Since I can, I’ll kick this off. The first smartphone I owned was Apple’s original iPhone released, if I recall correctly, in 2007. Prior to that, I had used a company issued Blackberry. My personal mobile solution was a combination of a Palm PDA and various flip phones. Some of those Palm PDAs were able to leverage the flip phone’s Internet data connection via Bluetooth. An early version of hotspot tethering, so to speak.
When Apple announced iPhone, I saw an opportunity to consolidate my personal mobile solution to a single device and one that promised seamless integration with Apple’s Macintosh computers. I’ve been a Mac user since words like beleaguered were used to describe Apple. At one point Michael Dell (of Dell computers) said of Apple (and may have been taken out of context):
I’d shut it down and give the money back to the shareholders.
iPhone launched with the then revolutionary concept one paid the full cost of the device up front (no two-year contract). Regrettably, the revolution didn’t extend to AT&T’s cellular service (iPhone was initially exclusive to AT&T). That still required the obligatory two-year contract. Industry pundits at the time deemed iPhone to be both overpriced and underpowered (iPhone launched lacking then relatively new 3G data speeds). I do remember the experience on AT&T’s 2.5G EDGE network as being pretty bad. Google Maps on cell (yes iPhone launched with some Google apps notably Maps and YouTube and there was no third party app store so Apple and Google worked together to put them there) was glacial. According to the pundits, iPhone and Apple were destined to fail miserably. Hmm…
I’m a tech geek, so though satisfied for the most part with Apple’s ecosystem, I kept my eyes and ears open. I was aware of Republic’s emergence in 2011, however, Sprint being Republic’s cellular partner made Republic a non-starter for me. Nothing against Sprint per se, it’s just in my location Sprint’s 3G network was (and is) abysmal.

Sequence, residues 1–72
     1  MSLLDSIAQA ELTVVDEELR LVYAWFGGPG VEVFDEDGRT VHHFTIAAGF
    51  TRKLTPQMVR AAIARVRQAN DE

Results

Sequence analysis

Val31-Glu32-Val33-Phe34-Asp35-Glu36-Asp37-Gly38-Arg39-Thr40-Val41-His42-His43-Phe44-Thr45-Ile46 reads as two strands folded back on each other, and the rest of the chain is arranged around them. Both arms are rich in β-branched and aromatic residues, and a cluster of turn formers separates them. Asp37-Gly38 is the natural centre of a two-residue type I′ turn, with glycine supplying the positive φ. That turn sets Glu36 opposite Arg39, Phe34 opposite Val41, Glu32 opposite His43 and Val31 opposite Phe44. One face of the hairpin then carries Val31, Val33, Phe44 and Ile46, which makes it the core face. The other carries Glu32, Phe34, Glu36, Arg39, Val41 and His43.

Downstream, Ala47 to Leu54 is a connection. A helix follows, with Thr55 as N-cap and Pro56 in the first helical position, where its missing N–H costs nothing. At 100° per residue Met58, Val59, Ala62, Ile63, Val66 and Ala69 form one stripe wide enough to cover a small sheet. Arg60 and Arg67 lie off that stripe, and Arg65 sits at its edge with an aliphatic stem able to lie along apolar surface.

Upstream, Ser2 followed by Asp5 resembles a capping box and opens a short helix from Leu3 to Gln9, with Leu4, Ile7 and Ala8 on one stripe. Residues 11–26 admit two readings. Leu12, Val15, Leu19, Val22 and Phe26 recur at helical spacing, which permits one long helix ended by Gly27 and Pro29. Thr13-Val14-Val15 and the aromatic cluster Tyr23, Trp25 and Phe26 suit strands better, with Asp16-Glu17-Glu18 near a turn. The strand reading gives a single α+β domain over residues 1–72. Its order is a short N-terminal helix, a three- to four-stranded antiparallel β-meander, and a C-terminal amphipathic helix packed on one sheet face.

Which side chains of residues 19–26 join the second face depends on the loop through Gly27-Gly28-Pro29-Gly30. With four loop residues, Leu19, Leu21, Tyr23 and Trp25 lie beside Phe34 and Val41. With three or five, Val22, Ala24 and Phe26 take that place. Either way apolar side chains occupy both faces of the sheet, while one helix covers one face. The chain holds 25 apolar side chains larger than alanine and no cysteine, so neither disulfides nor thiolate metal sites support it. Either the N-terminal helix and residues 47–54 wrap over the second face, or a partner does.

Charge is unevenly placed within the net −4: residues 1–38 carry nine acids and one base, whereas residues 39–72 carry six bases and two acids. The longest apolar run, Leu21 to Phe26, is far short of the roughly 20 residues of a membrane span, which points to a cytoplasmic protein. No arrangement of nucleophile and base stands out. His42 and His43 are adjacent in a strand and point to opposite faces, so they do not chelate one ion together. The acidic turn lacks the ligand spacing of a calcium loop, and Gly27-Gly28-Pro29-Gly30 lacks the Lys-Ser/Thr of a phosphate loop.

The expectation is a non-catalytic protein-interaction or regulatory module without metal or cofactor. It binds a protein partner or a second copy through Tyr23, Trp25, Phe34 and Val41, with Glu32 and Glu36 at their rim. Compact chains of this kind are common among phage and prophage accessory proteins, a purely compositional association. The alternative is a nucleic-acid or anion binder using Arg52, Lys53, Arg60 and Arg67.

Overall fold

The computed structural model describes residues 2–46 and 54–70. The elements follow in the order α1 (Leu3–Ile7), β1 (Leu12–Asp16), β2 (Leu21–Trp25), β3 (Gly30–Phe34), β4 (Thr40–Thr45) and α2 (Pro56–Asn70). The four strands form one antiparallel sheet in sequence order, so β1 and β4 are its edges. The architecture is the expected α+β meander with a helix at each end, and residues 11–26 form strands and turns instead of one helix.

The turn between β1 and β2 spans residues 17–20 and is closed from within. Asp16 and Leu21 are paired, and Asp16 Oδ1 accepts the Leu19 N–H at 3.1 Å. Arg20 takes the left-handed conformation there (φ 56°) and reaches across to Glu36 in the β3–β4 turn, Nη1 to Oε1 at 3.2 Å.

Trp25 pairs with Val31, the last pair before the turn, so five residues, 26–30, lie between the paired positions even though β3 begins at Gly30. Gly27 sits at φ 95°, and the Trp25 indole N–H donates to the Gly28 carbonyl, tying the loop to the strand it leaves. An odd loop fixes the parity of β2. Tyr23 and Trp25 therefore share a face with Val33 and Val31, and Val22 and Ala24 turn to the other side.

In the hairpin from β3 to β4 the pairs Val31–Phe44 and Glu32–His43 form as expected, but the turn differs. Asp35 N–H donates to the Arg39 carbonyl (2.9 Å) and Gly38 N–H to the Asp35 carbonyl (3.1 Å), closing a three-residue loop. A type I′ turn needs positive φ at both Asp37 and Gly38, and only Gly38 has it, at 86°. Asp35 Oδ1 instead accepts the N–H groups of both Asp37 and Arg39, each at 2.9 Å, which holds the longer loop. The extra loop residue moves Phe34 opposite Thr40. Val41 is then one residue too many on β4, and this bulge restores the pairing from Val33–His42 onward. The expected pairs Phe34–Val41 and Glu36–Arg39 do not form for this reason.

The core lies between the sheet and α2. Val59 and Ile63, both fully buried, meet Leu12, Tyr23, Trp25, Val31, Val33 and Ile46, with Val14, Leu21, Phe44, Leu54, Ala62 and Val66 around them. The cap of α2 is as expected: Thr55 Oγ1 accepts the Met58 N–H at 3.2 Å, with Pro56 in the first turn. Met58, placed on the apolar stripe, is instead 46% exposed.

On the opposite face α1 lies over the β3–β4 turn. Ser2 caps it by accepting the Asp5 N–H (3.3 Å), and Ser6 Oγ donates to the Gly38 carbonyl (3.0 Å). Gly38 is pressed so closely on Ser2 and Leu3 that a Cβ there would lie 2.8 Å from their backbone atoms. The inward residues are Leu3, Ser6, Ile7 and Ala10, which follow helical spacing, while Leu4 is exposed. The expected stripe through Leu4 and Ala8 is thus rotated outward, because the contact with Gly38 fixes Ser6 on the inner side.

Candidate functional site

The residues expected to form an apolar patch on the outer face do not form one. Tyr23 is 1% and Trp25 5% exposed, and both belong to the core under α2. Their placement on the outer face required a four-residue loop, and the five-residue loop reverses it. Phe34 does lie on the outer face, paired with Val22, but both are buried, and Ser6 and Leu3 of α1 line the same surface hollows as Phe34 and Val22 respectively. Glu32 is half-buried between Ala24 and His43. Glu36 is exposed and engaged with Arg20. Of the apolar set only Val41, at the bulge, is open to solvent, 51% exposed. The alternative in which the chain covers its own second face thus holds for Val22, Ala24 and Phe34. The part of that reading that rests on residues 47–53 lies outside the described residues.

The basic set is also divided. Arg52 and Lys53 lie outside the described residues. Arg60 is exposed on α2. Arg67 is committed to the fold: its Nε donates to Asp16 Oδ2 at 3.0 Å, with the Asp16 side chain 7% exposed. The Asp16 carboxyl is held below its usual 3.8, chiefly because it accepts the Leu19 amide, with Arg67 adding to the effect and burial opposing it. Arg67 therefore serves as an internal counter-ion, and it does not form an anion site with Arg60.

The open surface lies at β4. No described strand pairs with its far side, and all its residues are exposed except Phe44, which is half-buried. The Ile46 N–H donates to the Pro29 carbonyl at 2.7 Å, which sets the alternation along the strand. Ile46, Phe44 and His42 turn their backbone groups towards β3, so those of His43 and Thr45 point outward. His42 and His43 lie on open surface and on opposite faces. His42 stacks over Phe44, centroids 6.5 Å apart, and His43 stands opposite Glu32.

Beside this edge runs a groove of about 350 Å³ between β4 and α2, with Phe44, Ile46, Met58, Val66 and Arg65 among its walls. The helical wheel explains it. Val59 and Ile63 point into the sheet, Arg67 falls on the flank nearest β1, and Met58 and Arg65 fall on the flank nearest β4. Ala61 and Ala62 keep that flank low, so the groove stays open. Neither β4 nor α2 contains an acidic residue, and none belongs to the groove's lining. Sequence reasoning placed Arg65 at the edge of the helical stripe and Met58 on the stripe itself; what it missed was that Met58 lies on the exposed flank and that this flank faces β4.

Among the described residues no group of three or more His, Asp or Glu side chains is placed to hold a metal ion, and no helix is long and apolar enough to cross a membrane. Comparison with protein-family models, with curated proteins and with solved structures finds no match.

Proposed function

Meanwhile, I stumbled across Republic’s then sister service RingTo. Previously, I mentioned being a tech geek and I’m a VoIP (Voice over Internet Protocol) geek in particular. I presume most folks here are aware VoIP is the technology powering the WiFi portion of Republic’s blended calling on Android.
As Android matured, I played with relatively inexpensive Android handsets but one iPhone or another remained my daily driver for the most part. Two things happened in 2014 that made me a Republic member. Sprint lit up its 4G network in my area and my friends at RingTo provided an opportunity to acquire a Republic Moto X2. In many ways, the X2 is still my favorite Android phone though I’m quite satisfied with Google’s Pixels on Republic also.
These days my Republic Android (currently a Google Pixel 2 XL) is my daily driver, however, I suppose like many folks here, I’m also family tech support. Generally, family remains on iPhone and so bribes me to keep a foot in Apple’s ecosystem by collectively gifting me new iPhones every now and then. Therefore, in addition to the various Androids I’ve used with Republic (and other service providers I’ve experimented with), I also keep an iPhone active. In fact, having moved my iPhone from AT&T to T-Mobile Prepaid my combined monthly service for an Android on Republic and an iPhone is less than what I paid AT&T for an iPhone alone.
I’m looking forward to meeting my fellow iPhone beta testers here and hope to help them and Republic inaugurate iPhone on Republic as needed. I enjoy helping fellow members and Republic. I want to see Republic succeed. Android dominates market share by percentage but in the U.S. iPhone’s market share is more than large enough that exploring possibilities for supporting iPhone makes eminent business sense.
There are those who might contend someone willing to pay for an iPhone is uninterested in lowering their cost of service by using a provider like Republic. I say that’s nonsense. iPhone users don’t necessarily wish to pay more than is necessary for service any more than folks using Androids such as Samsung’s S series or Google’s Pixels.